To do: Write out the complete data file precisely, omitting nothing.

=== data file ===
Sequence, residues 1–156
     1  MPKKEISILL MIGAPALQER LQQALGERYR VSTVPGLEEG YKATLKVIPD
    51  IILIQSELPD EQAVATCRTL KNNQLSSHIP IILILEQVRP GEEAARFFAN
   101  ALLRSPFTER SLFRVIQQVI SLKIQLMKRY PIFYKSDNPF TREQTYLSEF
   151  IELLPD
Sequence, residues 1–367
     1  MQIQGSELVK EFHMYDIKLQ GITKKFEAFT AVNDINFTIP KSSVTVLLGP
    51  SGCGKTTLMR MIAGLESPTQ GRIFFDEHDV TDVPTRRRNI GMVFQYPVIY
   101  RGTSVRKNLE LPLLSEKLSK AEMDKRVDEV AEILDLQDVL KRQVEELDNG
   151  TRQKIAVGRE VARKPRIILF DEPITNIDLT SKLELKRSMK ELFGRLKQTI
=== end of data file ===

Sequence, residues 1–156
     1  MPKKEISILL MIGAPALQER LQQALGERYR VSTVPGLEEG YKATLKVIPD
    51  IILIQSELPD EQAVATCRTL KNNQLSSHIP IILILEQVRP GEEAARFFAN
   101  ALLRSPFTER SLFRVIQQVI SLKIQLMKRY PIFYKSDNPF TREQTYLSEF
   151  IELLPD
Sequence, residues 1–367
     1  MQIQGSELVK EFHMYDIKLQ GITKKFEAFT AVNDINFTIP KSSVTVLLGP
    51  SGCGKTTLMR MIAGLESPTQ GRIFFDEHDV TDVPTRRRNI GMVFQYPVIY
   101  RGTSVRKNLE LPLLSEKLSK AEMDKRVDEV AEILDLQDVL KRQVEELDNG
   151  TRQKIAVGRE VARKPRIILF DEPITNIDLT SKLELKRSMK ELFGRLKQTI